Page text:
Dealing with different types of snowfall will require specific tools and equipment, and you’ll have to employ your time management skills. Homeowners want their properties clear as soon as possible, and snow can become harder to remove the longer it stays.
Luckily, you can deal with these time-sensitive situations quickly and easily with some wintery knowledge. Get out in the field and put your snow removal skills to the test. You’ll accomplish jobs in record time by using clever techniques.
Use a V-plow if you’re dealing with ice, sleet or heavy snow. The tool’s “V” shape enables it to maneuver snow piles much more efficiently than straight plows. Create cracks in the ice using the pointed ends and move it out of the way with speed and efficiency. You can push heavy snowfall without breaking a sweat, while straight plows sometimes get stuck depending on the angle.
Straight plows often struggle with breaking up ice and sleet, and this can make time-sensitive removals challenging to complete. Once the snow freezes over, it becomes harder to plow — you may be out of luck if this happens while using straight blades.
2. Snow bucket
Buckets are best for unpaved areas like gravel or dirt — or for when you need to scoop snow rather than push it. Snowplow blades don’t take well to uneven surfaces and can even sustain damage if you try to use them. And though they’re great for maneuvering, they don’t allow you to pick up snow and put it into a pile.
Use a bucket when you need to handle loose snow. Anything that’s not too icy or wet should work fine with this device. Connecting a bucket attachment to your vehicle is quick work, allowing you to shovel in the middle of a storm rather than waiting for snowfall to accumulate.
3. Snow pusher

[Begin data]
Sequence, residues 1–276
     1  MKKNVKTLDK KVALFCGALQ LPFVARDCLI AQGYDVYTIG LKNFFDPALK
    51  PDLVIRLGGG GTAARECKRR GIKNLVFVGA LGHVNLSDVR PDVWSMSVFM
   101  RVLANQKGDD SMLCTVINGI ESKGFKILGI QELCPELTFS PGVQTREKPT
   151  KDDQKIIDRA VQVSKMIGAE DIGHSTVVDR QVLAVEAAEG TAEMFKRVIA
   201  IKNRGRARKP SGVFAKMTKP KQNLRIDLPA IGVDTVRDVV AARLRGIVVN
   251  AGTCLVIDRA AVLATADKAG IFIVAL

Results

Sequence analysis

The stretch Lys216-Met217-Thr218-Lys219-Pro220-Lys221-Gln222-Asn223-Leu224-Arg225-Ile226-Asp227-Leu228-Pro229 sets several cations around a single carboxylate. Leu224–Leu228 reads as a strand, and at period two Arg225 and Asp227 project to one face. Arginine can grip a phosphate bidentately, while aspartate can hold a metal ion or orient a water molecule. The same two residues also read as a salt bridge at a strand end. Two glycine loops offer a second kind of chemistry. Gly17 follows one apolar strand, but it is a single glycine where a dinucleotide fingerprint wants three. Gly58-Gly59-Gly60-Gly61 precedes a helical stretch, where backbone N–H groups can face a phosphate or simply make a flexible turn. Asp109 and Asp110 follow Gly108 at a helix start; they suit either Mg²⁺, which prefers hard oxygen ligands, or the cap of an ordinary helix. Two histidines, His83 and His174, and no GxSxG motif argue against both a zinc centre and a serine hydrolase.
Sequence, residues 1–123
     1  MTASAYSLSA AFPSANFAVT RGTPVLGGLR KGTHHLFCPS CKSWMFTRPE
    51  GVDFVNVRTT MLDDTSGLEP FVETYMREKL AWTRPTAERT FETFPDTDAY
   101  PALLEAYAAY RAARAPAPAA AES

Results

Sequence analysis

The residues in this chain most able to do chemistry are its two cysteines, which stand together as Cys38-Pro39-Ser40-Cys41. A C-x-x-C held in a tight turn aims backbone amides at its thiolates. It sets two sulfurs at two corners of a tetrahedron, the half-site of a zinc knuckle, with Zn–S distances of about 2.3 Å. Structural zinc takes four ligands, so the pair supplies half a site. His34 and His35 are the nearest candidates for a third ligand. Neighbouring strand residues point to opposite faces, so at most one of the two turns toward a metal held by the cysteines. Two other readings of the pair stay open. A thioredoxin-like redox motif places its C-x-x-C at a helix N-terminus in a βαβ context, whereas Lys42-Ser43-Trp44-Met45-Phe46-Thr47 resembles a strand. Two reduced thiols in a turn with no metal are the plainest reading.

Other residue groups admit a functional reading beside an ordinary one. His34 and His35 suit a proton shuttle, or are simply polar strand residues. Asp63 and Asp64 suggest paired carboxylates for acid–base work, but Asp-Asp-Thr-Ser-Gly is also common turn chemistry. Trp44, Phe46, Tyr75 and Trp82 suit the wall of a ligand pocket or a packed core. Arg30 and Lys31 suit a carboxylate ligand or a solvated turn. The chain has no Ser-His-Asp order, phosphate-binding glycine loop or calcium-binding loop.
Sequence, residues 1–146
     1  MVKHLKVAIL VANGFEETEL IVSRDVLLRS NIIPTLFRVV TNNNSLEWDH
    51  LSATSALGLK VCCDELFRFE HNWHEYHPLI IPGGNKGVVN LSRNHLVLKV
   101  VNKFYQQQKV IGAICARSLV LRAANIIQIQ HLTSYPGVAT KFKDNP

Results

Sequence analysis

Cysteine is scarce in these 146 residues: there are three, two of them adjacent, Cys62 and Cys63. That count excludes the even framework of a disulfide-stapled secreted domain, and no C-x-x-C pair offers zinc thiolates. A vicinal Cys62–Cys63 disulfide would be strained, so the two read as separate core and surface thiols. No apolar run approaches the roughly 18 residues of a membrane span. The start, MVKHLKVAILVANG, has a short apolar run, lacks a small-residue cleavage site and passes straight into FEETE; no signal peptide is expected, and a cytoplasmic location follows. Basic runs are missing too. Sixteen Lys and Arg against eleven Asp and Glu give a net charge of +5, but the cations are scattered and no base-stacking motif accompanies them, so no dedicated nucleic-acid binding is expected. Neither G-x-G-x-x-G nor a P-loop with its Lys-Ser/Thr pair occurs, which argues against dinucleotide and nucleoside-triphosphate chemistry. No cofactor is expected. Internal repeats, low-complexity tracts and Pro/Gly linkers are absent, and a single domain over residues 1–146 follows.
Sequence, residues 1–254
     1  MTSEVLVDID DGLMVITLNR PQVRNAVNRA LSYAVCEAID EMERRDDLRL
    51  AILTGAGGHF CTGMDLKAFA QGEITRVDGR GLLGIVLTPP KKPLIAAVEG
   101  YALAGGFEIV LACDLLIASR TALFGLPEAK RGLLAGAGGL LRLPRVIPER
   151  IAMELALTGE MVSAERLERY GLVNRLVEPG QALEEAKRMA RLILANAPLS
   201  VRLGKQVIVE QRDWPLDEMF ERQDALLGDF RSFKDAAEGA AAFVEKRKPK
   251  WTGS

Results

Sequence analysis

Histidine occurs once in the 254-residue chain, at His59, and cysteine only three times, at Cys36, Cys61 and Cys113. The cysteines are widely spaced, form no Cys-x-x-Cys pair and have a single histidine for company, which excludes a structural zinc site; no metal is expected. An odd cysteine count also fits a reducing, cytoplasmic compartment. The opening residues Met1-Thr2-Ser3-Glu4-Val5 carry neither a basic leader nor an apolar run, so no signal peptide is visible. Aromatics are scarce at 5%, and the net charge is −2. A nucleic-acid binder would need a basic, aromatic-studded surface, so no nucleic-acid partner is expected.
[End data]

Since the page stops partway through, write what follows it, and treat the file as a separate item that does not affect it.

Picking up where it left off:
A snow pusher can be your saving grace when dealing with heavy or wet snow. This type of snowfall is too hefty for bucket attachments to withstand and can cause your vehicle to pitch forward. A pusher can tackle the weight head-on and clear lengthy stretches, which is great for driveways and parking lots.
Pushers don’t have the same versatility plows do, as they only go in straight lines rather than angles. However, this feature proves useful in certain situations. It’s best to move in a linear direction when dealing with parking lots, and a snow pusher can give you an advantage here.
4. Snow shovel
Powdery, loose snow works best with shoveling, melting or plowing. It responds well to numerous removal techniques because of its malleability, meaning you don’t need to pull out fancy equipment. You may decide to shovel loose snowfall if you only need to cover a small area. Doing this can eliminate the time it takes to start large vehicles, and you won’t need to use any fuel.
Follow the CDC’s safety guidelines whenever you shovel snow by hand, such as pushing up with your legs instead of your back. Plastic blades are lighter than metal and reduce the risk of strain, but they can also be smaller, which increases the length of the job.
5. Melting systems
If your company doesn’t already offer a snow-melting system, it may be a lucrative idea to sell one. These devices heat a driveway after a snowfall and remove both the snow and ice. Melting methods can be more efficient than plowing or shoveling because they eliminate residual ice. Pushing away snowfall can leave a layer of ice behind, especially when you’re dealing with wet flakes that can freeze over.
Melting both at the same time reduces the stress for landowners who would otherwise need to call in multiple removals to clear their properties. This system also lessens maintenance needs — homeowners won’t need to do much except clean the sensors every so often.
Remove snowfall with less stress
Snow removal doesn’t have to be a time-intensive, exhausting process. Using the best equipment for the type of snow will lower your stress and ensure a clean, professional job. Satisfy as many clients as possible, and you’ll become known as the best snow removers in the city.
EDITOR’S NOTE: This article was written by Holly Welles. Welles is a freelance writer with an emphasis on home improvement, business and commercial real estate. She regularly contributes to sites like Homes.com and Porch as well as publishing weekly updates on her own home improvement blog, The Estate Update.